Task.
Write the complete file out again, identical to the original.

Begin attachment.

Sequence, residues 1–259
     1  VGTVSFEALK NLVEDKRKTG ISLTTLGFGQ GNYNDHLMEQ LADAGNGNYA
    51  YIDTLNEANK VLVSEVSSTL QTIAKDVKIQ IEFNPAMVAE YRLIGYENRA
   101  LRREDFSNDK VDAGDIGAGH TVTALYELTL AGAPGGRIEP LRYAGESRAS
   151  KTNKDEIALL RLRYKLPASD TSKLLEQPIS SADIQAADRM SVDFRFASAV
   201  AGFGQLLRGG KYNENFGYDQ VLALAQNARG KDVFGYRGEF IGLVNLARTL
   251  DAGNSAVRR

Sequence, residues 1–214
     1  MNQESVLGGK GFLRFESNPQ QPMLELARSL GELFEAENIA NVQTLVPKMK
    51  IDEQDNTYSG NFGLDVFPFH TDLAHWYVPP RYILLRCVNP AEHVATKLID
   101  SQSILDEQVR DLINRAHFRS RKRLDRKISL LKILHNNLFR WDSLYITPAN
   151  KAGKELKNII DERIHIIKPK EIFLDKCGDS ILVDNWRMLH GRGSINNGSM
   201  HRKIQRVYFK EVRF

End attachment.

Sequence, residues 1–259
     1  VGTVSFEALK NLVEDKRKTG ISLTTLGFGQ GNYNDHLMEQ LADAGNGNYA
    51  YIDTLNEANK VLVSEVSSTL QTIAKDVKIQ IEFNPAMVAE YRLIGYENRA
   101  LRREDFSNDK VDAGDIGAGH TVTALYELTL AGAPGGRIEP LRYAGESRAS
   151  KTNKDEIALL RLRYKLPASD TSKLLEQPIS SADIQAADRM SVDFRFASAV
   201  AGFGQLLRGG KYNENFGYDQ VLALAQNARG KDVFGYRGEF IGLVNLARTL
   251  DAGNSAVRR

Sequence, residues 1–214
     1  MNQESVLGGK GFLRFESNPQ QPMLELARSL GELFEAENIA NVQTLVPKMK
    51  IDEQDNTYSG NFGLDVFPFH TDLAHWYVPP RYILLRCVNP AEHVATKLID
   101  SQSILDEQVR DLINRAHFRS RKRLDRKISL LKILHNNLFR WDSLYITPAN
   151  KAGKELKNII DERIHIIKPK EIFLDKCGDS ILVDNWRMLH GRGSINNGSM
   201  HRKIQRVYFK EVRF